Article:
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Fairfax Isn't Enjoying the Road

A key loss in City title game to Taft forces highly ranked boys' basketball team to travel to state playoff games.

March 11, 2004|Dan Arritt | Times Staff Writer

Los Angeles Fairfax is hitting the road for the Southern California Regional boys' basketball playoffs, and the Lions are traveling with a chip on their shoulder.

"A big one," said Coach Harvey Kitani, whose Lions are not among their division's top four seeded teams for the state playoffs, because they lost to Woodland Hills Taft in the City Section final Saturday.

Fairfax (24-5) will be on the road again tonight, when it must travel across two counties to play at top-seeded Oceanside El Camino (31-2) in a Division I semifinal game.

The trip came courtesy of a quarterfinal victory over fourth-seeded Long Beach Poly at Long Beach City College on Tuesday, coupled with El Camino's victory over visiting Huntington Beach Marina.

Stepping onto the bus has been painful because it reminds the Lions that they did not perform when it mattered most -- in the City title game against Taft, losing, 64-60.

"Everyone is playing mad," said Jamal Boykin, a 6-foot-8 junior center. "To tell you the truth, that's a good thing. You play focused, you box-out harder, you go after loose balls better. Everyone really wants it more."

Conceding priority to four others in its division was shocking for a team that, among Southland programs, has been ranked second only to Westchester in nearly every national, state and local publication.

Fairfax defeated El Camino, 58-51, at the California Hoops Challenge in January. Even after the Lions lost both of their Western League showdowns to Westchester, there was little reason to drop them further in the rankings.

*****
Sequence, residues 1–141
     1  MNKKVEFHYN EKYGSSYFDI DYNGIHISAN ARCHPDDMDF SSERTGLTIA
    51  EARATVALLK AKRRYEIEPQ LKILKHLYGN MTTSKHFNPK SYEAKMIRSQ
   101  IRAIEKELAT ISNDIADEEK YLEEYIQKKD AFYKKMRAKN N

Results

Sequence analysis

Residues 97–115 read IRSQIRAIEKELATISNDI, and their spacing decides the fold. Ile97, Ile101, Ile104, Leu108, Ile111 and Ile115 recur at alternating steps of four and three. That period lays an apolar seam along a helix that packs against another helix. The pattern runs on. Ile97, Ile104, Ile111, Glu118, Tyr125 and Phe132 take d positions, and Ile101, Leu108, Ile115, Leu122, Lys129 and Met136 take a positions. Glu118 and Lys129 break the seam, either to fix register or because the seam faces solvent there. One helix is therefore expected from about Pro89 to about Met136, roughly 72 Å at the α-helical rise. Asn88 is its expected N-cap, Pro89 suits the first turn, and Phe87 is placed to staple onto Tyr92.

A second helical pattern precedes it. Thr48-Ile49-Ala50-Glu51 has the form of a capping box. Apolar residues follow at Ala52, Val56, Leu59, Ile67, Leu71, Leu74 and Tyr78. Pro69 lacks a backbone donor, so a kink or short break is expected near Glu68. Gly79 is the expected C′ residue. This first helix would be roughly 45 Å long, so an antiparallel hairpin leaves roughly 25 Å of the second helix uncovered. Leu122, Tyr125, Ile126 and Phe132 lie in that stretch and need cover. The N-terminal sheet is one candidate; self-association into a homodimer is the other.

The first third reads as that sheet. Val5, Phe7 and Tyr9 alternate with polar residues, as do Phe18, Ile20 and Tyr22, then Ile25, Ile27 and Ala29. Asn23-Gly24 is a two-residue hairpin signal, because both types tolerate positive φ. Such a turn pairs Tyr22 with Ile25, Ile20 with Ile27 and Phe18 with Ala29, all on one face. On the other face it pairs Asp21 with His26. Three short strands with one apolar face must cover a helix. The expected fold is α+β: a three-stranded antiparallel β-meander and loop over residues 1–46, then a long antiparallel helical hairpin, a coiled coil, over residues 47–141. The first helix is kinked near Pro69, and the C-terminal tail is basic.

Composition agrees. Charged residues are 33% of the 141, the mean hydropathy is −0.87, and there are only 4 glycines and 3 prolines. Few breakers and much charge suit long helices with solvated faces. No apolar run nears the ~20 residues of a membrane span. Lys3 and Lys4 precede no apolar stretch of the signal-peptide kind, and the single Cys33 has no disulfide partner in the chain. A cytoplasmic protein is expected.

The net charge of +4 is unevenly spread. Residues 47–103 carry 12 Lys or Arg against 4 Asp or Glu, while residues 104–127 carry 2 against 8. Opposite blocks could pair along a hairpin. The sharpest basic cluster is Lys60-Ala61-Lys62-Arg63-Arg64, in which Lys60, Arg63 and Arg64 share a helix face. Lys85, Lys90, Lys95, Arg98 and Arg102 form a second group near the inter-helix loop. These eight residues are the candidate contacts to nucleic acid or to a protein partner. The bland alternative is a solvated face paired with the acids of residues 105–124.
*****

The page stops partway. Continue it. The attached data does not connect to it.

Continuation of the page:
Now, the Lions must try to keep their goal alive in unfamiliar gymnasiums, far from home and away from supportive crowds.

"We can't worry about the cards we're dealt," said 6-5 senior guard Josh Shipp, who is headed to UCLA. "This is what we have to do to win everything."

Before the season, Kitani was confident the Lions had the leadership and chemistry to win the Western League, take home a City Section title and win a Division I state championship.

And that was before Westchester, their nemesis the previous two seasons in each pursuit, had its season turned upside down by allegations of illegal recruiting, which ultimately caused a talented transfer to lose his eligibility for the season and the remaining Comets to be banned from the playoffs.

In the City Section final, Shipp was held to 21 points and Boykin to seven, each below their season averages, as the Lions suffered their third straight loss in the title game.

The pain was still evident Tuesday as they prepared for their quarterfinal game against Long Beach Poly, the Southern Section Division I-AA champion. Watching his team, there was little joy in Kitani's expression.

"It has been a tough three days," he said.

But, as Boykin said, it was just such emotion that carried the Lions to a 75-57 victory.

Shipp matched his season average with 30 points and Boykin chipped in 24, including 12 in the third quarter when Fairfax extended its lead from seven to 16 points.

One state playoff victory isn't enough to stop some from questioning this team's abilities.

Some say Fairfax doesn't have enough skill at point guard and others question its depth, wondering who will step up offensively if Shipp and Boykin are shut down.

"The guards on the team are the weaknesses," said Jack Pollon, an assistant at Reseda Cleveland, which lost to Fairfax in a City playoff semifinal. "Shipp is really more of a scorer. He's not a playmaker."

Shipp agreed that he has had to handle the ball more than he would like but said it hasn't been a problem.

"I'm trying to move over to play both positions," he said. "It's good experience for me."

So is playing against tough opponents on the road. After all, the regional final will be held Saturday at the Sports Arena, with a possible rematch against Taft.

The Toreadors (28-2), who play host to Etiwanda (30-2) tonight in the other semifinal, defeated Mission Viejo, 83-69, behind Jordan Farmar's 38 points Tuesday.

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